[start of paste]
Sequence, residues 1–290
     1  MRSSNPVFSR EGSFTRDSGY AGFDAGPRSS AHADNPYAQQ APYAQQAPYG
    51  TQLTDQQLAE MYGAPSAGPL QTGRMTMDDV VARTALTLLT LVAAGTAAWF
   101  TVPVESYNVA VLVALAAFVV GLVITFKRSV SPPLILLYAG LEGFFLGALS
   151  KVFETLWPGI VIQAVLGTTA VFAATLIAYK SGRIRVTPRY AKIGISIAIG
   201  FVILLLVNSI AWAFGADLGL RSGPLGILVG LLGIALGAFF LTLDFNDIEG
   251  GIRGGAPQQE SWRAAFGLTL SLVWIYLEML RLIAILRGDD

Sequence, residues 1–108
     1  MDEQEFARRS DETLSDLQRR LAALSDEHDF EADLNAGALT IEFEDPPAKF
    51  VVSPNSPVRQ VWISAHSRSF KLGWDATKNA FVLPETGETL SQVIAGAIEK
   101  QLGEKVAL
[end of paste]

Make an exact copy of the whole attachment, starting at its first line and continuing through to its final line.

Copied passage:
Sequence, residues 1–290
     1  MRSSNPVFSR EGSFTRDSGY AGFDAGPRSS AHADNPYAQQ APYAQQAPYG
    51  TQLTDQQLAE MYGAPSAGPL QTGRMTMDDV VARTALTLLT LVAAGTAAWF
   101  TVPVESYNVA VLVALAAFVV GLVITFKRSV SPPLILLYAG LEGFFLGALS
   151  KVFETLWPGI VIQAVLGTTA VFAATLIAYK SGRIRVTPRY AKIGISIAIG
   201  FVILLLVNSI AWAFGADLGL RSGPLGILVG LLGIALGAFF LTLDFNDIEG
   251  GIRGGAPQQE SWRAAFGLTL SLVWIYLEML RLIAILRGDD

Sequence, residues 1–108
     1  MDEQEFARRS DETLSDLQRR LAALSDEHDF EADLNAGALT IEFEDPPAKF
    51  VVSPNSPVRQ VWISAHSRSF KLGWDATKNA FVLPETGETL SQVIAGAIEK
   101  QLGEKVAL